By Ekta R. Garg
October 30, 2019
Release date: October 22, 2019
Rated: Bypass it / 2 stars
A young woman’s heart is broken after she reveals a secret. Years later, she comes face to face with the same man who betrayed her, and she must decide whether she’ll give him another chance. Author duo team Christina Lauren tackles the complications of first love coming back around in the dragged-out novel Twice in a Blue Moon.
At 18, Tate Jones can’t believe she’s in London. It’s a long ways away from Guerneville, California, the small town where she lives with her mother and Nana. In the U.K., Tate’s getting a taste of what life will be like when she goes to college. Well, if Nana goes with her when she leaves for school. But Tate won’t let her grandmother dispel the magic of visiting a new place. She’ll follow the schedule Nana set up and drink in every minute of the two weeks they’ve planned to spend on their vacation.
The magic becomes electric when Tate meets Sam Brandis and his grandpa, Luther. Sam is 21 and already in college; he’s handsome and funny and kind, and there’s no doubt he feels a connection to Tate too. Within days, the two become inseparable.
Tate finds herself falling hard and fast in love with Sam, and he tells her the same thing. He feels something for her that he hasn’t felt for anyone else. Tate gives Sam her heart, her love, and her deepest secret: her last name isn’t Jones, it’s Butler. She’s the daughter of the famous Hollywood actor, Ian Butler. When she was eight years old, her mother moved Tate from L.A. to Guerneville to get away from the PR machine. She and Tate changed their last names and went underground.
Tate has never shared the truth about her identity with anyone. People in Guerneville think she’s just plain old Tate Jones, and the media have no idea where Tate Butler lives. That information would be golden to anyone, and it becomes especially true for Sam who leaks it.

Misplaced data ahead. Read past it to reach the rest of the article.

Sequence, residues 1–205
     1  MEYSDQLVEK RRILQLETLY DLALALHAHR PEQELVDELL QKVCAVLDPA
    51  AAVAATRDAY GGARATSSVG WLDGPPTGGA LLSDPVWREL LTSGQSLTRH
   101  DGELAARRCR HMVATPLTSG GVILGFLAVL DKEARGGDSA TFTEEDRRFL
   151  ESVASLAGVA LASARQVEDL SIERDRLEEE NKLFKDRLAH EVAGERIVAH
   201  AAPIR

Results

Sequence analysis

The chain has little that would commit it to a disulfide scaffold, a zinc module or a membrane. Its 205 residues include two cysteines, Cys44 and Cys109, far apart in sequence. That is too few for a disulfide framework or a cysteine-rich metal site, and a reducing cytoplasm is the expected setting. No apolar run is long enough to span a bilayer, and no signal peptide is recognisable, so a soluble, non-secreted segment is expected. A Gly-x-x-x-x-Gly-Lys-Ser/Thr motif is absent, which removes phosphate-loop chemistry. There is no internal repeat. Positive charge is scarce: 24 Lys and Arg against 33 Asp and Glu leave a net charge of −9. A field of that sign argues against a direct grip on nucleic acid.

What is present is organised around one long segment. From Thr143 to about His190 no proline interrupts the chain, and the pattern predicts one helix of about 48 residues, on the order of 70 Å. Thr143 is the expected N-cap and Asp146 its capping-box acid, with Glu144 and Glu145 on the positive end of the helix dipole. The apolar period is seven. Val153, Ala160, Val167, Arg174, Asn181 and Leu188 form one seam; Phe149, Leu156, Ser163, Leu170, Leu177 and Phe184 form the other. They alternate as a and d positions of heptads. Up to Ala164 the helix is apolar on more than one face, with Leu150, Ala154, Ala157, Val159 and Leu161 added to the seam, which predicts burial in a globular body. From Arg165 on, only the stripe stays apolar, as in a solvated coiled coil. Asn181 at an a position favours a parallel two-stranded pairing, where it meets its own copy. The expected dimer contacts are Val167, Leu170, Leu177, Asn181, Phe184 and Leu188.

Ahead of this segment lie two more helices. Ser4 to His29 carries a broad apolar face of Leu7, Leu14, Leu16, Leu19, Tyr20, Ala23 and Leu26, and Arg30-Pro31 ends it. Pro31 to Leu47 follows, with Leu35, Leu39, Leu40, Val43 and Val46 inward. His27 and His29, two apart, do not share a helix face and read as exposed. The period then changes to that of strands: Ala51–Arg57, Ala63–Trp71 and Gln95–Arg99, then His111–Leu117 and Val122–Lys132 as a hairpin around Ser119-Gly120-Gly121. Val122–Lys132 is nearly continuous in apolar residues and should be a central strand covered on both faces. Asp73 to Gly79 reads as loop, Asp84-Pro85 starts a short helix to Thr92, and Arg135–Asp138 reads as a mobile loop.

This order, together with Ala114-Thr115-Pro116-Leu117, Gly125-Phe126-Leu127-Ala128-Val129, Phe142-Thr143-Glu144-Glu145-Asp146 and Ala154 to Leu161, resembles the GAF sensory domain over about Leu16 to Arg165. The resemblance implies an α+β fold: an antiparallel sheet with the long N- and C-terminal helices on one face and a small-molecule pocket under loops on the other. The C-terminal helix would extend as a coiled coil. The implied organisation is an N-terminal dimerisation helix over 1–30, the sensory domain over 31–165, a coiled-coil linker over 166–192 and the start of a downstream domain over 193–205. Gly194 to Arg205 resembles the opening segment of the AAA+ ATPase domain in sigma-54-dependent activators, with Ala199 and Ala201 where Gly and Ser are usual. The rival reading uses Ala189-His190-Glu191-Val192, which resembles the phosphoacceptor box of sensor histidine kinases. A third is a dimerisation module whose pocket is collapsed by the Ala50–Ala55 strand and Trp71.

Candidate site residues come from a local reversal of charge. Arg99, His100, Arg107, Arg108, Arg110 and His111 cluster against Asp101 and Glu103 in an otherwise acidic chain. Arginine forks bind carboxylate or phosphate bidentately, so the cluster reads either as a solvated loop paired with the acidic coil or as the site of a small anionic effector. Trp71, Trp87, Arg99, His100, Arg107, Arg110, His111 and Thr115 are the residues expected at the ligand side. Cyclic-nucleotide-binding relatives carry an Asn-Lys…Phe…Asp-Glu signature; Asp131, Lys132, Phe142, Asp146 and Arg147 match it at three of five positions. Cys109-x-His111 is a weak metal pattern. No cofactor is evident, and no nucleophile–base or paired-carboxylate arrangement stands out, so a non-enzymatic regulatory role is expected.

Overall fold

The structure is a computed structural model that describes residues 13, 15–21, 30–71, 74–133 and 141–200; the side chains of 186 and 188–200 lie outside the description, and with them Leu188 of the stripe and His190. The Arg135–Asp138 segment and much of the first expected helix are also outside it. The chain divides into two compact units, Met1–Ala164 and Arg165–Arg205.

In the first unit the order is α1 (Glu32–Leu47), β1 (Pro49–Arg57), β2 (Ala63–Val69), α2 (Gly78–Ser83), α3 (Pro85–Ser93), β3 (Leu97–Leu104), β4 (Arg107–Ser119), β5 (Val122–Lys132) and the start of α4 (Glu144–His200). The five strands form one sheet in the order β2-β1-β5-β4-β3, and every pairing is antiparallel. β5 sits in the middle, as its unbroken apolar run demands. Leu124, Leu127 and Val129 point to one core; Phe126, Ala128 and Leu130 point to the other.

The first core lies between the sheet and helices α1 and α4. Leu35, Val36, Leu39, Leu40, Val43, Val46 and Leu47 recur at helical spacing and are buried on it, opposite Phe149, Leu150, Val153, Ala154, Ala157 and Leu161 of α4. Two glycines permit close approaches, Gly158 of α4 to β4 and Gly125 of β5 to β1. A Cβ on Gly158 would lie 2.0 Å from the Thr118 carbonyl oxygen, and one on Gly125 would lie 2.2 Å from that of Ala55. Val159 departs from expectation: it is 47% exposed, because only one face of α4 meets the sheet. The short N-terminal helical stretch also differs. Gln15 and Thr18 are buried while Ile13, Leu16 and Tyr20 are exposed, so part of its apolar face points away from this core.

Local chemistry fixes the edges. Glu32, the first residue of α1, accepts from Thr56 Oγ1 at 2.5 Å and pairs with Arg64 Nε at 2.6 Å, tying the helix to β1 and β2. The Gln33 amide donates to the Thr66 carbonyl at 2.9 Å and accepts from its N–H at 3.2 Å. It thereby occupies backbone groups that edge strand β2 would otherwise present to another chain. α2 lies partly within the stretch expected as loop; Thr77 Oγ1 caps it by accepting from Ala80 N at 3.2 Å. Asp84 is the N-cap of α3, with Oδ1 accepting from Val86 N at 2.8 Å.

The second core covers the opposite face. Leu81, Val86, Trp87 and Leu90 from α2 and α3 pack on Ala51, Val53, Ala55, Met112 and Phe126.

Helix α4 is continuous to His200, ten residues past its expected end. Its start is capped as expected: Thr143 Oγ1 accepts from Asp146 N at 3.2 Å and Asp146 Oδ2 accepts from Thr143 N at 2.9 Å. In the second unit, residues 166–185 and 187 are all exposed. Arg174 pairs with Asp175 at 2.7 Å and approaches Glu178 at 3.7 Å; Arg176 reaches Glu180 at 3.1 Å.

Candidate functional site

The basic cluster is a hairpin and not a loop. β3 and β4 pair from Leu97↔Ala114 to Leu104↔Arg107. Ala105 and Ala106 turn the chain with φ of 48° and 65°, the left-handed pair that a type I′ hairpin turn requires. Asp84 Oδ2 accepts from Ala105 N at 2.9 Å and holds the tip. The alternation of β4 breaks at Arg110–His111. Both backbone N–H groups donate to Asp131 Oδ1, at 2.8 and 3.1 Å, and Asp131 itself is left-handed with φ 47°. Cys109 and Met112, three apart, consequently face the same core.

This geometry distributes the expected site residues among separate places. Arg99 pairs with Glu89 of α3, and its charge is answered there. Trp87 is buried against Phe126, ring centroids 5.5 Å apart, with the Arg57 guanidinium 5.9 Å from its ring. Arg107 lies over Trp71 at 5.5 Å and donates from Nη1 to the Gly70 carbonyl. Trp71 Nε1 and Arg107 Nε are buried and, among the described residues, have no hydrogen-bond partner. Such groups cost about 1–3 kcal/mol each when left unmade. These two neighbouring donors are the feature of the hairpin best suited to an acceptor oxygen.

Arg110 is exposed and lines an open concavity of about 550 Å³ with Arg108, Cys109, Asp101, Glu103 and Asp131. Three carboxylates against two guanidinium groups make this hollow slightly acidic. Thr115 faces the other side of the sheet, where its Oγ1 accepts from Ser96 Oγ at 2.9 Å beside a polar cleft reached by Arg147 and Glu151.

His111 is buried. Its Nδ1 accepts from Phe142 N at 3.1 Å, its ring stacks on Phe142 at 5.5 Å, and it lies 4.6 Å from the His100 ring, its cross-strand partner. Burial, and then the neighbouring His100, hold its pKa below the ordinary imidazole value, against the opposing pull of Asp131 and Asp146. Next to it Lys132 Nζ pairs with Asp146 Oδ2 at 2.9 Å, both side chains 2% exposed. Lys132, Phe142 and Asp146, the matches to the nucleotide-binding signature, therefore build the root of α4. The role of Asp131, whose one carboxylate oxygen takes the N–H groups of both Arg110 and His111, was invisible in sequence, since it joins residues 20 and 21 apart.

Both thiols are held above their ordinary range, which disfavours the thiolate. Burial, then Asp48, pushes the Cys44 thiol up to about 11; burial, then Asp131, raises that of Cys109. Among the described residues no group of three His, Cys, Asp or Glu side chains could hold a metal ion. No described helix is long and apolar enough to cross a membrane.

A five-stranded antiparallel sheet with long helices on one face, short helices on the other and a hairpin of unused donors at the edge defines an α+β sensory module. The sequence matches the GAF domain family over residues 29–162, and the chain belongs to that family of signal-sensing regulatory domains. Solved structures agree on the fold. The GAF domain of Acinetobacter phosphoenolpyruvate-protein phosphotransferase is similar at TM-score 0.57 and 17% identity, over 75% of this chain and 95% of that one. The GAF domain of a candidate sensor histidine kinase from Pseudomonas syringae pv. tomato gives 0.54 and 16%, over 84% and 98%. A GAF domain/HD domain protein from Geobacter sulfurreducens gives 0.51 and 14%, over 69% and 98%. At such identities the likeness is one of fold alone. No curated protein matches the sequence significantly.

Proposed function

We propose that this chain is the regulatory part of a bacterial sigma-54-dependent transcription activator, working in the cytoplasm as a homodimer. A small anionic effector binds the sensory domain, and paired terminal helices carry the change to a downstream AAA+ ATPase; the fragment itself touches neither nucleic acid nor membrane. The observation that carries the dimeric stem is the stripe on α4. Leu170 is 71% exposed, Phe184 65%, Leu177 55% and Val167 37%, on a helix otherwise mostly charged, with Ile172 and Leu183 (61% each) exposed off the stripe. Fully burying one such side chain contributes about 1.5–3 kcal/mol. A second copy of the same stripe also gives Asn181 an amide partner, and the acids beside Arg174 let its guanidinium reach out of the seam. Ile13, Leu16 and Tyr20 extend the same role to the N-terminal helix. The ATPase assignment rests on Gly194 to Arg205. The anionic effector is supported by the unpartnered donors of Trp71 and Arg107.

Years later, Tate, now an up-and-coming actress herself, walks onto the set of a film that everyone says could be the turning point of her career. Tate’s excited about the prospect, as much for the challenge the role provides as for the fact that it’s the first time she’ll be working on a movie with her father. Maybe, she thinks, the surface-level relationship she and Ian have had all these years will sink deeper and become more than just a publicity stunt.
Then she discovers that the scriptwriter is Sam, and the clock rolls back 14 years. As Tate grapples with her feelings and the movie role, she’ll have to face the reality of how he betrayed her and whether she can forgive it. Either way, Tate knows one thing for sure: she won’t be forgetting Sam any time soon.
Author team Christina Lauren build a believable story of first love during the time Tate and Sam spend in London. Readers who have had their hearts broken by someone will find themselves reminiscing about their own experiences. Tate’s wide-eyed acceptance of Sam and her indecision about whether to trust him ring true to life.
The problem comes after the London portion of the book, which takes up more than a third of the novel. The years that pass between Sam’s betrayal and when he and Tate meet again get tossed to the wind. Tate goes from an innocent 18-year-old to an actress in her mid-thirties adept at handling the paparazzi and the ancillary inconveniences of celebrity life. Readers don’t get the benefit of watching her struggle in her craft as an actor or through the subsequent relationships after Sam.
As a result, Tate’s success doesn’t feel earned; neither does Sam’s return nor his reason for exposing her true identity to the media. Both get mentioned in passing as if readers don’t need to bother with those facts. The events in the present day feel overtly orchestrated. Tate at 18 and Sam at 21 feel more genuine, more relatable, more real than their grownup selves.
Because the book is in the romance genre, readers will already know before they open the cover what the ending will be. The point of romance novels is how the characters get to that “happily ever after.” In this case, Tate and Sam seem to be treading water and not really fighting any great storm back to one another.
I recommend readers Bypass Twice in a Blue Moon.